"He was to be baptized on a Friday. He finally came to his interview but he didn't come to his baptism. I believed in him and in God. I knew that he would do it, nevertheless, I was a little worried about what we should do that he might be baptized. We looked for him on Friday afternoon but didn't find him. I trusted in God. That night I prayed that Father would show me what to do. I knew that He would reveal it to me. Through my dreams He has always helped me. I didn't dream anything all night long, but, I woke up at 6:15. It was time to get up at 6:30 and I thought I would just lay awake. But, sleep overcame me. It was those 15 minutes that Father required to tell me what to do. I saw Hno. Arcadio. I saw that we needed to visit him early in the morning. I saw exactly the words that I had to tell him that he would be ready to be baptized in a few hours. When the alarm sounded I told Sis. Calvillo that we needed to hurry and leave not later than 8. I told her what had happened and what we had to do. When we got to his house, he was just about to leave. We got there on time. We talked with him testifying exactly what I had dreamed that we should say to him. He committed and he did it. He is a very good man. I love God. He never abandons us even though it is late."

Speaking of Elders Gil and Robertson, they had a pretty good June. These pictures makes us smile. In the first one, everybody is ready to go. In the second one, one of the guys looks kinda not excited. One of the ladies seems to be thinking, "Now where did I put that towel?" We presume that they were not all baptized at the same time . . .

Our missionaries constantly help people get married. Elder Gil and Elder Robertson stand with this couple outside the Registro Civil in Teziutlán. We have heard of rates to marry ranging from 1900 pesos to 39 pesos. Why the difference? It may be that there are certain, uh, extra charges to expedite or overlook inaccuracies in records. I am not accusing or judging. That is what the locals say. This couple is holding their marriage certificate. Now they can get baptized.

So, she was.

Friday, August 20, 2010

And then Elder Quintero showed us his foot to the ear trick.

"X" is for Xalapa! That is why their hands are crossed. That same week, Zona Xalapa had a bauti-zona. That is when each companionship in a zone baptizes in the same week. The missionaries are (front row) Elders Kraft of PA, Ramirez Arambula, Sanvicente, Ramirez Montoya, Sierra, (back row) Elders Solano, Watkins, Gonzalez Ochoa, Angulo, Nazario, Ramirez Martinez, Valdez, Haro.

Bauti-zonas are pretty hard to come by, but there were four in June, 2010. Three took place in la Zona Teziutlán, all in the same month. These are the missionaries.
Elders Castillo, Quintero, Gil Jimenez, Castro, Canseco, Goodworth (Shelley, ID), Sisters Anguiano and Calvillo, Elders Parker (Orem), Gonzalez Ojeda, Trujillo, Robertson (Oklahoma City), Lizama, and Dunn (Louisburg, Kansas but he claims Texas).

After we bought the cigar boxes we went to a baptismal service with Elders Rosales and Elrey.

In Sihuapan they grow tobacco and make cigars. So, we stopped to by some. Just kidding! We stopped because as we had driven by several times we noticed this little cigar stand across the highway from the cigar factory. We also noticed that they sold cigars in wooden boxes. That is what we wanted. Cool cigar boxes from Los Tuxtlas. So we stopped.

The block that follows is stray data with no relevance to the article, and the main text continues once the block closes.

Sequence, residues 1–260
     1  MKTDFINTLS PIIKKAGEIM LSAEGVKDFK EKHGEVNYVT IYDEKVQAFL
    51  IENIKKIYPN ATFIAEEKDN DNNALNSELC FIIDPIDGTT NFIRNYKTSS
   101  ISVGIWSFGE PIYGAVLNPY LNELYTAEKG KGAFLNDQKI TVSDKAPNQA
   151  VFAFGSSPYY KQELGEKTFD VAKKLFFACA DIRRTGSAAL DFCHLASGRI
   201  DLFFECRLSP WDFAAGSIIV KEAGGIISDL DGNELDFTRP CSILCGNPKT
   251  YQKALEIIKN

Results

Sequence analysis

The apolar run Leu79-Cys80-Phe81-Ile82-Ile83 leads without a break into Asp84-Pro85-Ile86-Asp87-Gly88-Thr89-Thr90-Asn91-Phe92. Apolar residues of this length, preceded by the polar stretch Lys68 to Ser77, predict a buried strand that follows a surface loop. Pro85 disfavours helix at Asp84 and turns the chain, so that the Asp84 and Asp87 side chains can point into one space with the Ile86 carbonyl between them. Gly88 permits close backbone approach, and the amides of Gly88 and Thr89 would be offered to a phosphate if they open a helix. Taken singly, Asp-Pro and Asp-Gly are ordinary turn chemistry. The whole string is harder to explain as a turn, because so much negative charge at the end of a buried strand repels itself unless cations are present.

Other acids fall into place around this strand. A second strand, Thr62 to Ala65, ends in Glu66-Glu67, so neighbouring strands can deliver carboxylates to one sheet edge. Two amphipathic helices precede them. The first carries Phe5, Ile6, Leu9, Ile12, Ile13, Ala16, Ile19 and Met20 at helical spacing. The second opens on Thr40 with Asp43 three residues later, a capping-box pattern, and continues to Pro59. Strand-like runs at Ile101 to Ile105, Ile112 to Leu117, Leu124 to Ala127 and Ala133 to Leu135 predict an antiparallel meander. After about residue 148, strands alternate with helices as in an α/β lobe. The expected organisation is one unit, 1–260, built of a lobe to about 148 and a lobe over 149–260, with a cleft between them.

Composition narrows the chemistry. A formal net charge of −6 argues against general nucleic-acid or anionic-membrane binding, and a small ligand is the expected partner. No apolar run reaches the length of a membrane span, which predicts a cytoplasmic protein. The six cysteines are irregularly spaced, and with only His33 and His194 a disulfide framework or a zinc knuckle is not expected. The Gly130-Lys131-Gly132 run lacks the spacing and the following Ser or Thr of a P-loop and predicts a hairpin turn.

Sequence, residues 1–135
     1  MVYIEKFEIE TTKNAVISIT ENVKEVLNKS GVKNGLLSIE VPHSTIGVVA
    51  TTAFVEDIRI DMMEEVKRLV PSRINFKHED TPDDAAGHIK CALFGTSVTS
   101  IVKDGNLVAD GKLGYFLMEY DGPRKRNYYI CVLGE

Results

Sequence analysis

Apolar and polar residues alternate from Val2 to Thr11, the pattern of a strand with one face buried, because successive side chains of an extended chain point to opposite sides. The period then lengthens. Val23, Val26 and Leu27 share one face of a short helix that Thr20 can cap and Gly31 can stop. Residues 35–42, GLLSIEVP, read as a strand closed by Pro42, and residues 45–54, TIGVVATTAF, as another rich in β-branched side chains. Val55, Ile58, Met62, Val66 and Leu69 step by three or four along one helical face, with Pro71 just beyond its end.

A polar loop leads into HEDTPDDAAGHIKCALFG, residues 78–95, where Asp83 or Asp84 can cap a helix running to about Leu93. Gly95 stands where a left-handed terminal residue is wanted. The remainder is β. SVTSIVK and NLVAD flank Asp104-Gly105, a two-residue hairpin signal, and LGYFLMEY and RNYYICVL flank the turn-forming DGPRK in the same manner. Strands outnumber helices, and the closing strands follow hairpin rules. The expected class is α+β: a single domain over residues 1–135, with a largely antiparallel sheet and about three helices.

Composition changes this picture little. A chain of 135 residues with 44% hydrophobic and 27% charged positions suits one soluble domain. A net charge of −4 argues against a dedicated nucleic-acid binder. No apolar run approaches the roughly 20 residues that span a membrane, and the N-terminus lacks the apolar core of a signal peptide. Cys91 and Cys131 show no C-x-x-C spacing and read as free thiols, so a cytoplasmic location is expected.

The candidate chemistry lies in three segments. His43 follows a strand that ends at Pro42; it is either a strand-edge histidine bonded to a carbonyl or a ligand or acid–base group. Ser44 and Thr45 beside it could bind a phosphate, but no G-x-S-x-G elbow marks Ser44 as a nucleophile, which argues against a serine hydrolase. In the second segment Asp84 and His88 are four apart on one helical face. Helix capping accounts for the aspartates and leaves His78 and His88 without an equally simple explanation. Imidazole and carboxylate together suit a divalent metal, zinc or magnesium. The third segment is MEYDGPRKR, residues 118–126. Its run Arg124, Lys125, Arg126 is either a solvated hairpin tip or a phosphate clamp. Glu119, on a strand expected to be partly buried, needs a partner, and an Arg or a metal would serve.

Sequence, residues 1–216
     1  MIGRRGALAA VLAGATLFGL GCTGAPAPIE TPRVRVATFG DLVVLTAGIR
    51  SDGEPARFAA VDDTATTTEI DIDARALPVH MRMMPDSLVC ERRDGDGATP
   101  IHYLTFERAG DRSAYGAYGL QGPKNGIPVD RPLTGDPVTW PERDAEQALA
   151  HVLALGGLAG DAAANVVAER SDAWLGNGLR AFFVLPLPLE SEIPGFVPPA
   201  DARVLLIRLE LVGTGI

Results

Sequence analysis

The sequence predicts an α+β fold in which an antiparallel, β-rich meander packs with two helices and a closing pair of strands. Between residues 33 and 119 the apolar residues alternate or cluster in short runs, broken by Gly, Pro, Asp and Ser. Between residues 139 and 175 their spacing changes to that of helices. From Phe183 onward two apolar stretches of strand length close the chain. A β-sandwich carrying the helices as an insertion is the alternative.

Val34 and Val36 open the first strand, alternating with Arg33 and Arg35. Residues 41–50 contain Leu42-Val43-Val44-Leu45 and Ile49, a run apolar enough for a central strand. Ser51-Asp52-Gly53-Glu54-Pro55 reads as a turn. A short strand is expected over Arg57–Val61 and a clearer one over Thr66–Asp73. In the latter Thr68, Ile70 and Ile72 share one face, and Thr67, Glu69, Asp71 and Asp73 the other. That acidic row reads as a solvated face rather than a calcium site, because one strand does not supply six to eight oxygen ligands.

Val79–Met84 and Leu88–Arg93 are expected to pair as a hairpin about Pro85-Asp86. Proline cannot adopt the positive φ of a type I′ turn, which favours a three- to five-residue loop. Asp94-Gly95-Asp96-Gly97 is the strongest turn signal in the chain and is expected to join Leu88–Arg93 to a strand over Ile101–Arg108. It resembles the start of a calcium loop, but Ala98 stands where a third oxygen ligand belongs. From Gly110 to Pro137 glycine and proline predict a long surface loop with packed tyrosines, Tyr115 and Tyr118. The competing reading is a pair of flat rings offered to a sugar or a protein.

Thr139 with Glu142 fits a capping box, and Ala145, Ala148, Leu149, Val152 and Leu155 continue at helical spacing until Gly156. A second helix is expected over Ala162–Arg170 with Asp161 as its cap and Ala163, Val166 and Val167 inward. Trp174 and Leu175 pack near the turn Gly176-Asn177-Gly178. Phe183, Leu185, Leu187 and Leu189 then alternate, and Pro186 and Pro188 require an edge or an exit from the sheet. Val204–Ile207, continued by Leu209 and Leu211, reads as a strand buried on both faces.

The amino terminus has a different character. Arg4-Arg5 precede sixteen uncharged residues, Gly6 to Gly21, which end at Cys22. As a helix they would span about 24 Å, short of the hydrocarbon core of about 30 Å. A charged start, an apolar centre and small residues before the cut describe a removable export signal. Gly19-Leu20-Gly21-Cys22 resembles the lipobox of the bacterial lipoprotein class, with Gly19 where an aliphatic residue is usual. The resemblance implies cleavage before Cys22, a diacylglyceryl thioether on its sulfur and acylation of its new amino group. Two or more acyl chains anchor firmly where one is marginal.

The little handicapped guy on his ATV told us he would sell the boxes without the cigars. They were handmade. (So were the cigars.) They had burned into the lids something about San Andres Tuxtla. He sold us the wooden boxes. One was 60 and the other 45 pesos. Do the arithmetic. That is a good deal. We told the missionaries about the boxes and they went there a couple of days later. He wouldn´t sell to them. Maybe they were underage. Or maybe he got in trouble for selling boxes and not cigars.
We were running out of time. This part of the mission was going to belong to the Villahermosa Mission in just three weeks. So, we got up on a Saturday morning, our theoretical preparation day, and drove to Los Tuxtlas via Monte Pio. We had never been there but had heard from missionaries that it is beautiful. They were right. We saw some very nice iguanas, tiny fishing villages, and children playing along a beautiful coastline.

(Some of these look really good if you click on them.)

Our bananas are still growing!

We dropped off Elders Fast and Gil at the end of a dirt road so they could continue on their way to an appointment.

While visiting in the south, I decided to trim the extended sideburns of a missionary so that the new president wouldn't have to worry about that either. I liked it.
We continued going south to visit missionaries and inspect apartments, replacing bad mattresses and bedframes so that the new mission president would not have to fuss with all that.

Elder Castro and Elder Preston from Santa Rosa, CA worked together in the Coatzacoalcos Ward.

Elders Decker from Utah, Chan, Kohlieber from Simi Valley CA, and Luna de Leon live in the same house in Minatitlán.

On the other side of Minatitlán are Elder Fast from Lancaster, CA and Elder Gil Salamanca. They are holding open the bathroom door of their apartment.

In San Andres Tuxtla, Elder Elrey from Tucson, Elder Gumeta, Elder Bowen of Draper, UT, Elder Moeller, Tucson, and Elder Rosales. They are all about the same height as you will note.

Elder Sierra, Elder Watts from Sandy UT, and Elder Sifuentes were zone leaders in Coatzacoalcos.

Elder Robinson from Hooper, UT and Elder Weaver from Odgen which is near Hooper, were companions in Acayucan. They live above a lady who collects puppies from ranchos and sells them. There must have been 20 of them in the enclosed cement-floored entry area to the apartment. Were it not for the incessant barking and odor, you would hardly know the dogs were there.

We are going to miss these missionaries.

After seeing those dead bananas, we got in the van and headed south. Boy. I'll bet those bananas are getting ripe fast!

I am pretty sure that this is one of the reasons that I am not a fan of banana bread. They make it from these things, right?